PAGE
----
JC: Yeah. I mean, Tensor's probably the best place to start because they didn't particularly tell us much else. Essentially Tensor is this chip that they designed for the phone, but they've pulled sort of the guts of it from the chips that they use to power their cloud computing servers. So interestingly, that means this chip is sort of built around … The TPU, the Tensor processing unit, it's built around machine learning and artificial intelligence, as opposed to other chip makers that usually build it around the CPU or the graphics card. So clearly this is a chip that's meant to focus on those machine learning tasks on the phone. I suppose we'll get to the camera in a second, but I guess the most immediately amazing demo that they had showed me, I suppose, is … Live Transcribe is this feature that is available on Pixel phones and right now you can basically turn it on and it'll transcribe any video you're looking at.
So if you're scrolling through Instagram, a video pops up. If you turn on Live Transcribe, it'll essentially start transcribing it, you'll see captions on the bottom and it doesn't need to necessarily be playing the audio or anything like that. The camera is doing all of this on device and offline. So it's pretty impressive as it is. But with this new Tensor chip, Google's able to do something like translate it from a different language to English, for example, and also transcribe it on device locally, offline at the same time. So they showed us a video of someone in speaking in French and it was basically translating it in real time while also transcribing it in real time, and that just kind of blew me away because that opens the doors for so many people to be able to just watch these videos without having to listen to it.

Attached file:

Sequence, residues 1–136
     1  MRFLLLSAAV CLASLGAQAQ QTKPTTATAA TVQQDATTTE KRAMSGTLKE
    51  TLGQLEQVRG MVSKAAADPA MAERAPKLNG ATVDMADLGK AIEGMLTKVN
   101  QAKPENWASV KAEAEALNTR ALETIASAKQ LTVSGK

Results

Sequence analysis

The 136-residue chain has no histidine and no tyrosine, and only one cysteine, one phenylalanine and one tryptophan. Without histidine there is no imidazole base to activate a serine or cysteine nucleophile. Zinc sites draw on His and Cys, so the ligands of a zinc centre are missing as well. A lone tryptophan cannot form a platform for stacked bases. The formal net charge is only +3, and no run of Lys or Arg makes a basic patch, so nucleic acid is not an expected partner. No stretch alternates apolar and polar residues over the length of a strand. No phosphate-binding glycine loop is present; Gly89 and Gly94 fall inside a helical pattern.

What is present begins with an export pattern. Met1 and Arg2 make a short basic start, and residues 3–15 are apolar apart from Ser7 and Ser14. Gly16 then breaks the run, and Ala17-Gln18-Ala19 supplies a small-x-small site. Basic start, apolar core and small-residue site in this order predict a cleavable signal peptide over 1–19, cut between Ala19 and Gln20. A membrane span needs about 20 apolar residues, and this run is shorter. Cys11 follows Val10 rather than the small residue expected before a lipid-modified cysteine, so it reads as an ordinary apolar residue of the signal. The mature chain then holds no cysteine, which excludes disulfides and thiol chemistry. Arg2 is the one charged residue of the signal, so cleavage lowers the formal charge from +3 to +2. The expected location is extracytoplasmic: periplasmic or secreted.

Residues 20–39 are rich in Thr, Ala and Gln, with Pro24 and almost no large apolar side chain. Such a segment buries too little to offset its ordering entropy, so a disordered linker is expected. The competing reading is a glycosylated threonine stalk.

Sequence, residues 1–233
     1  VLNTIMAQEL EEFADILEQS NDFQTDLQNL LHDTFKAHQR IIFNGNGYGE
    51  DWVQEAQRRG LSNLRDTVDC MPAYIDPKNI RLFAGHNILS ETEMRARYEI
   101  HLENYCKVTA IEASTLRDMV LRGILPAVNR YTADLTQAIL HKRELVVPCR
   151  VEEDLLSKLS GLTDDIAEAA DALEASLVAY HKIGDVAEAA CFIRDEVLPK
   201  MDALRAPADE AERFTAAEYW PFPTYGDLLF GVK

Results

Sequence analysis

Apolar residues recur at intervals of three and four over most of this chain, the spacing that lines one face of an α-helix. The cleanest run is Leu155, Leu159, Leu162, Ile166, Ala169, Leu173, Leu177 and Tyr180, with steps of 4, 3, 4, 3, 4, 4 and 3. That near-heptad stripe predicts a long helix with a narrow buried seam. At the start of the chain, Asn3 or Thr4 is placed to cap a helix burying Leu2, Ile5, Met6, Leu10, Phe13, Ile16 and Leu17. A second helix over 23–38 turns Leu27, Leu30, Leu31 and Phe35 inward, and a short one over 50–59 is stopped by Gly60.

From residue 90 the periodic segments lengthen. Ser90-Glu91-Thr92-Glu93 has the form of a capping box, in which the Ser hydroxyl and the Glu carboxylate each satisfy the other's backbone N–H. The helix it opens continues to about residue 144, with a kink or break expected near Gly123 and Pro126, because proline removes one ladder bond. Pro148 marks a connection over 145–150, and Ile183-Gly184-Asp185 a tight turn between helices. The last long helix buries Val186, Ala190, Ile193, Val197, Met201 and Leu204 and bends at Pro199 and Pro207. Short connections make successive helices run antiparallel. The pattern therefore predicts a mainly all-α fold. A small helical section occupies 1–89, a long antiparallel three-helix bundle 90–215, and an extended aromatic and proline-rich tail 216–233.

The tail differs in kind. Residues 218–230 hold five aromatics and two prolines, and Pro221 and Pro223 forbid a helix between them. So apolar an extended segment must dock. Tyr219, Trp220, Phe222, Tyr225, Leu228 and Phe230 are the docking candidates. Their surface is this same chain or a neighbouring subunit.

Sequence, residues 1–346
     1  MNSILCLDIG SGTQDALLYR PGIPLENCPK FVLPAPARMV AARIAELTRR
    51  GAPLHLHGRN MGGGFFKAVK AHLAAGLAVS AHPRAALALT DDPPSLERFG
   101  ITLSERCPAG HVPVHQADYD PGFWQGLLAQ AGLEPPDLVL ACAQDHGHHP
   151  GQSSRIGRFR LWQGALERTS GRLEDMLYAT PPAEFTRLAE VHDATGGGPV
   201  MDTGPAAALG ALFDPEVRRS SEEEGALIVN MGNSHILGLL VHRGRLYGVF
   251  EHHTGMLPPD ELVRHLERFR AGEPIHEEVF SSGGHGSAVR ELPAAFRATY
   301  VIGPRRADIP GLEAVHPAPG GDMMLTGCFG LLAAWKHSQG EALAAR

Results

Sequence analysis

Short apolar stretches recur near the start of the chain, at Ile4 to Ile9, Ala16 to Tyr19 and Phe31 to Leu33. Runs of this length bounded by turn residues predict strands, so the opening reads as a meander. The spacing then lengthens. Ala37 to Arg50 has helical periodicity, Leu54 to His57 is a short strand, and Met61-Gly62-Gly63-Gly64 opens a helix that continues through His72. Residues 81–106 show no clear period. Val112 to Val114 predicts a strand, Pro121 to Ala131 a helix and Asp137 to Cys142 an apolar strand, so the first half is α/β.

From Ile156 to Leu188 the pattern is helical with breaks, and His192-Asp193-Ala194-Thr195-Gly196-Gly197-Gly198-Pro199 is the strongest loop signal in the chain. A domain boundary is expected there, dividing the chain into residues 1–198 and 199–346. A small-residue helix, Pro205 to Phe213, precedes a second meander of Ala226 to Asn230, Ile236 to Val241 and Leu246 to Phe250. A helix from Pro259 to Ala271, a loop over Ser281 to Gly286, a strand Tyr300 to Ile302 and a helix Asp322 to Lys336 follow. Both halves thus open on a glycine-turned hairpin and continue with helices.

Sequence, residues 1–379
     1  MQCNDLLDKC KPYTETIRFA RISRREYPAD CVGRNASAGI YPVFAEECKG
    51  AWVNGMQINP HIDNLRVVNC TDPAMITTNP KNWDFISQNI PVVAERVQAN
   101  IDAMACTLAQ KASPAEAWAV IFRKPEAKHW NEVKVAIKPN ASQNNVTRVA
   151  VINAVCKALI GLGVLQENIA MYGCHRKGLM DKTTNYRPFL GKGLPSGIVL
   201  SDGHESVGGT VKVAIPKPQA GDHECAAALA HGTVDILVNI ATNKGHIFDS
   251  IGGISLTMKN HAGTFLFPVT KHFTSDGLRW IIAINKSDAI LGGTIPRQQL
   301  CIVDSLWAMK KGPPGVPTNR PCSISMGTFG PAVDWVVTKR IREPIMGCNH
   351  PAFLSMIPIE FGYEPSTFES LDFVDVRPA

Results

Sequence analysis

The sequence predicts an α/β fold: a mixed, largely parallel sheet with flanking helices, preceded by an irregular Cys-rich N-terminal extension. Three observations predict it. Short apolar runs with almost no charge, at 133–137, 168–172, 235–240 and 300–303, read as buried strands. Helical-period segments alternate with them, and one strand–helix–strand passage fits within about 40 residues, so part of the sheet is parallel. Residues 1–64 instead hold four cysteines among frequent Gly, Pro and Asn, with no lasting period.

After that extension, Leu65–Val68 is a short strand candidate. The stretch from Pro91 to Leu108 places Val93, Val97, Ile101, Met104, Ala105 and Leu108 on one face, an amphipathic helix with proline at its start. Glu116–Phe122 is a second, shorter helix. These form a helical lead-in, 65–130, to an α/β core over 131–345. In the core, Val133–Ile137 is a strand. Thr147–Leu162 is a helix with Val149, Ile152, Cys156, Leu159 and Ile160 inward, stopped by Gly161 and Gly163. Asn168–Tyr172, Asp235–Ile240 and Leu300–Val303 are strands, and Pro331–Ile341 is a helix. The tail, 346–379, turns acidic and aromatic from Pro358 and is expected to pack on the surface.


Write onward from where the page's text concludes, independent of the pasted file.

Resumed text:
Yeah, it was just pretty impressive all around. The other kind of cool feature that they had showed was voice detect. If you ever use your voice to type, you can sort of do that here much faster than ever before and you can just sort of have commands like send and enter and all these punctuation marks that you can say, and the phone will just sort of understand, and it even understands context. So there was an example where I had asked, "Well, what if you say "send" in the middle of a sentence rather than at the end so that the phone wouldn't understand, or maybe it'll send your message mid-sentence or something like that?" and Rick Osterloh did a demo and basically the phone's able to understand context, your intonation and it sort of knew that when you were saying send in the middle of a sentence, that you're not meaning it to actually send the message, and saying send at the end of the sentence meant that that's when you want to send the message.
So it was a pretty cool demo and also just two non camera related things that they showed. So they didn't even touch on Assistant or anything like that, so I'm assuming we're going to see some cooler stuff later this year.
MC: I think this is a real manifestation of Google's thinking about the whole stack when it comes to Android and when it comes to smart phones because if you think back to when Android started, they just made the software. Then that happened for a few years and they said, "OK, now we're going to start making our own hardware. We're going to show you what a Google phone can really do. There's special features in that." Now they've moved to the third step, which is, "Now we're going to start putting our own chips in it," which allows them to really take that to the next level.